Addressing Issues Inherent to Inherency

Posted by Chelsea Witte-Garcia on Nov 6, 2017

It is not uncommon in the biotechnology and pharmaceutical fields to file new patent applications based on results of a clinical trial or discovery of a newly appreciated feature of a compound. However, results-based claim language, such as pharmacokinetic or drug release profiles, may not confer patentable weight, as shown in a recent IPR decision.

In Generico, LLC v. Dr. Falk Pharma GMBH (IPR2016-00297), the challenged patent (US 8,865,688) is drawn to a method of maintaining remission of ulcerative colitis for at least six months by administering a formulation of a known compound (granulated mesalamine) to patients. During the course of prosecution, a claim limitation was introduced reciting the drug release profile “wherein 85% to 90% of the mesalamine reaches the terminal ileum and colon,” regions of the small intestine and large intestine that are affected by ulcerative colitis. This amendment aimed to distinguish the claimed method from the patent licensee’s own press release prior to the priority date of the patent, which described initial results from a phase III clinical trial using the same formulation that also resulted in at least six months of remission.

In the IPR, the prior art press release was relied on to show that the “wherein” clause was met, even though the press release only expressly stated a portion of what was recited in that clause. It showed that the formulation was designed to release the drug in the small and large intestines, but not the specific release profile of “85% to 90% …reaches the terminal ileum and colon.” The petitioner was able to bridge this gap by arguing that the formulations of the patent and those described in the press release were the same (which was not disputed). As a result, one would necessarily expect that the methods described in the prior art press release have the same drug release profile as described (and claimed) in the patent.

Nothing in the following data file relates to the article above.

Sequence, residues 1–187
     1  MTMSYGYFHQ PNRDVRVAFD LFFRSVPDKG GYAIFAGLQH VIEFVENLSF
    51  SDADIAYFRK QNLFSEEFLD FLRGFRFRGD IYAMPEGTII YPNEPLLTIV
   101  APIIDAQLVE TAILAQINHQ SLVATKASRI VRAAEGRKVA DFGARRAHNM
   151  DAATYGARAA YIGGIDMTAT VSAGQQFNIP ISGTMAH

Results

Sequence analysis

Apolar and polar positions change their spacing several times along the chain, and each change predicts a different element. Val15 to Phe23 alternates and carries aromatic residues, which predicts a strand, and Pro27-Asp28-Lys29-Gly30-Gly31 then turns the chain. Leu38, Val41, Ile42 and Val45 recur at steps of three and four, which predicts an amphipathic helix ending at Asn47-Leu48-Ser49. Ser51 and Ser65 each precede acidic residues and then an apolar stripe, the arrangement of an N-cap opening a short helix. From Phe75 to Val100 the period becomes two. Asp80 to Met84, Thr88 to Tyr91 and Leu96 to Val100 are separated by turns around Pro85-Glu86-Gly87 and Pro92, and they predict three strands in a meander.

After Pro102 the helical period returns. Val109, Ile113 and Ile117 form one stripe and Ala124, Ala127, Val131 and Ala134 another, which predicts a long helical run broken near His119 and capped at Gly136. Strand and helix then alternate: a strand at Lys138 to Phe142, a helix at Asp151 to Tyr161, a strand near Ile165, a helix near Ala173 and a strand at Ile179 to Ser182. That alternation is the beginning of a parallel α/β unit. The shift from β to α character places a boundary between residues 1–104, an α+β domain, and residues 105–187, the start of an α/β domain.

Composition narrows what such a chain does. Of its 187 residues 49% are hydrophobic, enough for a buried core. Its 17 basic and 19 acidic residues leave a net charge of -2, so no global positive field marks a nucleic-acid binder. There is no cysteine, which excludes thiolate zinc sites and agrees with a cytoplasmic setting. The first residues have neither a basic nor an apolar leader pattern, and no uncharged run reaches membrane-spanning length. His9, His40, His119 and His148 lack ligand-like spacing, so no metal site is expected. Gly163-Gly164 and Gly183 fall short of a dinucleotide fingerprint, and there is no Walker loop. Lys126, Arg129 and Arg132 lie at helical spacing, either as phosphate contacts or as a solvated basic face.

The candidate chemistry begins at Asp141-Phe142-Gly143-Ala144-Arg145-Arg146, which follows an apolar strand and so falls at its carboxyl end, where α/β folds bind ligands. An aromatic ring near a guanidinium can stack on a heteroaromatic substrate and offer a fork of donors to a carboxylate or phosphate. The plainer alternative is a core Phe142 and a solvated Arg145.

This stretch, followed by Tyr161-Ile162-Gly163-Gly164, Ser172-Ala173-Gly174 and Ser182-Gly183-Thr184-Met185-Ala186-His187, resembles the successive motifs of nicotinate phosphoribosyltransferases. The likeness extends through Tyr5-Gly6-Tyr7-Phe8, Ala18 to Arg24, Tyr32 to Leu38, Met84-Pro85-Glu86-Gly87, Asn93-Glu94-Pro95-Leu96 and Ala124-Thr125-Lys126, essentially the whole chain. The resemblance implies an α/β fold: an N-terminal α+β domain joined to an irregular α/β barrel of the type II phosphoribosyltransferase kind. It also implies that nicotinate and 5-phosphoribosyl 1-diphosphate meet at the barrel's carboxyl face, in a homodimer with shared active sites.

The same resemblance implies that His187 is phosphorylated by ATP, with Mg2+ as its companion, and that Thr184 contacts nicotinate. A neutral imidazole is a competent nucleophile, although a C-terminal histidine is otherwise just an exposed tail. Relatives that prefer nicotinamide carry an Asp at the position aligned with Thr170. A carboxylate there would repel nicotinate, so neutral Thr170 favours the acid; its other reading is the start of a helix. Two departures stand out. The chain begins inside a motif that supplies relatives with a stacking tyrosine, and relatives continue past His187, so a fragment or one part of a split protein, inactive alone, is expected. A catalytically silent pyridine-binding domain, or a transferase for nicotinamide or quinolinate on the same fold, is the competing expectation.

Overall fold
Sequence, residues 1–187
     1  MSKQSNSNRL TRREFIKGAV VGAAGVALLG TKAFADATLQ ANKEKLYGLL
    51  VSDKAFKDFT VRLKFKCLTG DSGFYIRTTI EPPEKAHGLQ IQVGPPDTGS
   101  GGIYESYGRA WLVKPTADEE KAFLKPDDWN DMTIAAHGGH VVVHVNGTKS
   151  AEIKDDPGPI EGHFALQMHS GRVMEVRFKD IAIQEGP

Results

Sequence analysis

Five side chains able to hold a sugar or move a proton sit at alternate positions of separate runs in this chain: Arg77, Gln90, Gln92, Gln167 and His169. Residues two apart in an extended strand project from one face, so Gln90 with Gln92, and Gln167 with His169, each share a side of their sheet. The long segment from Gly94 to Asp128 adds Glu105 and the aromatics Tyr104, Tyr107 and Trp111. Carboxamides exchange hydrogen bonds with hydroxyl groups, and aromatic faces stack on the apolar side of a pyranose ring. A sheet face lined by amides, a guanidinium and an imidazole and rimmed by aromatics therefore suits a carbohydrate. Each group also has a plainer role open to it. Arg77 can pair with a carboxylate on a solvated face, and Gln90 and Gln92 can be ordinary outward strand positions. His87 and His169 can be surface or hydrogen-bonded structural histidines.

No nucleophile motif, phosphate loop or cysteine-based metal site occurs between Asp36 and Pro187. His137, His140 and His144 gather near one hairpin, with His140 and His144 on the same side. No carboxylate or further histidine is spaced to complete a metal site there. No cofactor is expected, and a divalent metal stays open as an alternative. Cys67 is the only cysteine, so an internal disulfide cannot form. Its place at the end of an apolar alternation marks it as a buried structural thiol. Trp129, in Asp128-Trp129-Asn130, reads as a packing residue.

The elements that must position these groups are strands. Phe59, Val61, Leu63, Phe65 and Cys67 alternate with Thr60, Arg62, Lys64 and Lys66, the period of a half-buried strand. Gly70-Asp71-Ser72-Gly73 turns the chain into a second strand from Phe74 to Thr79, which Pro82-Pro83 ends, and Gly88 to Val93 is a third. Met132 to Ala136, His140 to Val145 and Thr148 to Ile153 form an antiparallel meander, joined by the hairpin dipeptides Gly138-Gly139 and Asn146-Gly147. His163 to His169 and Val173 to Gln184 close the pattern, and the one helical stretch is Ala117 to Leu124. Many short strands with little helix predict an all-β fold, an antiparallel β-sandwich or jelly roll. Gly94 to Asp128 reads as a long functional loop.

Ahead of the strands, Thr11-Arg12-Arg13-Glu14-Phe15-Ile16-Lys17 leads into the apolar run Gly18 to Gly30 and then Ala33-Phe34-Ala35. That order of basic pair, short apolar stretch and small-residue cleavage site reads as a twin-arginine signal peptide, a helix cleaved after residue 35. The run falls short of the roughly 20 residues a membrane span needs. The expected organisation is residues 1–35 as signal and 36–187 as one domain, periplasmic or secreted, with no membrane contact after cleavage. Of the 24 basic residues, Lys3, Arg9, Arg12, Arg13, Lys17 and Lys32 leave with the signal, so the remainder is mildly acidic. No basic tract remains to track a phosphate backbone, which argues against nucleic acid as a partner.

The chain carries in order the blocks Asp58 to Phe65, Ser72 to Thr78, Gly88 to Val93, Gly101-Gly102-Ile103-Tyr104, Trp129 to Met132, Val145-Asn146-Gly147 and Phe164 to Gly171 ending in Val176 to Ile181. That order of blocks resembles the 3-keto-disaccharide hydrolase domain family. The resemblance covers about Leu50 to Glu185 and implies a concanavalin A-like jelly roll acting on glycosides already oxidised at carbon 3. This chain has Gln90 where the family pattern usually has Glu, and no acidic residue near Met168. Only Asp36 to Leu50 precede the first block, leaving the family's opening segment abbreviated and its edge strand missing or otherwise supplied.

Here, the Board relied on the specification of the patent itself for attributing the drug release profile to the specific formulation, thereby establishing the release profile as an inherent or necessary property of the formulation. Importantly, the release profile was not a result of any of the additional administration features or steps of the claimed method.

In this case, the Board found that reciting an inherent property of the formulation was not sufficient to establish non-obviousness of the known formulation. When new results are achieved or properties are newly appreciated, it is important to make clear if the results or properties are due to another aspect of the invention rather than an inherent feature of the formulation itself.


For petitioners, the specification of the challenged patent itself can provide a way to connect the dots between features of a formulation and a potentially inherent property.

For patent applicants/owners, be aware when drafting applications that statements in the specification may be construed as attributing properties as inherent to a formulation. Newly appreciated features and results may be used to promote patentability; however, it is important to consider how to use this information in a claim. 

Finally, in this case, one of the critical pieces of prior art was a press release from the patent’s licensee. Though press releases are used as business and investment communications, they can also be used as prior art, so disclosing, even if details of the technology are withheld, may undercut patentability.

Topics: BioPharma, Inherency

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This blog is intended to promote thought and debate on developing areas of the law. The opinions, commentary and characterizations of cases provided on this blog are not legal advice and do not represent the opinions of Wolf Greenfield or its clients.